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Laser-Based Microchip Particle Accelerator Can Benefit Industry And Medicine

If electron accelerators could be made small and cheap enough, not only would every university be able to afford its own accelerator laboratory, but inexpensive coherent x-ray beam sources for photolithographic processes in the semiconductor industry could be made available, which could reduce transistor size in computer processors and increase integration density. For medical use, accelerator-based endoscopes could be used to irradiate tumors deep within the body with electrons.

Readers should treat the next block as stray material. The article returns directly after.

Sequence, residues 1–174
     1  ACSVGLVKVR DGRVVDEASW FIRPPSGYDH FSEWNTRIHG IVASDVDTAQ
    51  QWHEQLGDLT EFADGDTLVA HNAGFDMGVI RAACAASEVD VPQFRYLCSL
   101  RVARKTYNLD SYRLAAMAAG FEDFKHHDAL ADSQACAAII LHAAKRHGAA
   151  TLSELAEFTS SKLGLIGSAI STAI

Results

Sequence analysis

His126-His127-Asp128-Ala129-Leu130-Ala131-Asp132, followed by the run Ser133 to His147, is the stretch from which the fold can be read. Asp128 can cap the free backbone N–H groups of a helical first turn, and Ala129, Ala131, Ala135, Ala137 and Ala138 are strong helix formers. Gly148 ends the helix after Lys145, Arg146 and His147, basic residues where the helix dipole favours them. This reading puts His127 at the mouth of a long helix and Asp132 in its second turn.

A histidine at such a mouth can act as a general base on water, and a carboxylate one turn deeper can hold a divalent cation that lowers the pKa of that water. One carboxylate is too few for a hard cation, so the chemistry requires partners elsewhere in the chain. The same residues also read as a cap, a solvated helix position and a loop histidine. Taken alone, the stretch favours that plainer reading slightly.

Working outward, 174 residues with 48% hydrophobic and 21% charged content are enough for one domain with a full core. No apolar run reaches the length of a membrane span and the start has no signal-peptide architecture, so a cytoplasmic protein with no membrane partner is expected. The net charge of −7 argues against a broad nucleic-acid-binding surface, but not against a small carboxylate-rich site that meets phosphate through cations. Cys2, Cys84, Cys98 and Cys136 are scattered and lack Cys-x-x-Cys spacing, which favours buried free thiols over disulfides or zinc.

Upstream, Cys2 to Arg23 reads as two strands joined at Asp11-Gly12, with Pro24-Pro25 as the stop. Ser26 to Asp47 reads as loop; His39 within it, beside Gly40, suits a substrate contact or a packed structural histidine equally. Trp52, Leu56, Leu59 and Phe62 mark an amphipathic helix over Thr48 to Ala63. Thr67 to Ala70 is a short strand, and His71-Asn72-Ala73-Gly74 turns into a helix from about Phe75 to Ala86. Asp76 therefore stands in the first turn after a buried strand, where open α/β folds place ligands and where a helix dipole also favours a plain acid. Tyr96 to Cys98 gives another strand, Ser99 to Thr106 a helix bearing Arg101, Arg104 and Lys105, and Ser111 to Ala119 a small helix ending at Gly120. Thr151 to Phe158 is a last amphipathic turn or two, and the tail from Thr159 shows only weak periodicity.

The Accelerator on a Chip International Program (AChIP), funded by the Gordon and Betty Moore Foundation in the U.S., aims to create an electron accelerator on a silicon chip. The fundamental idea is to replace accelerator parts made of metal with glass or silicon, and to use a laser instead of a microwave generator as an energy source.

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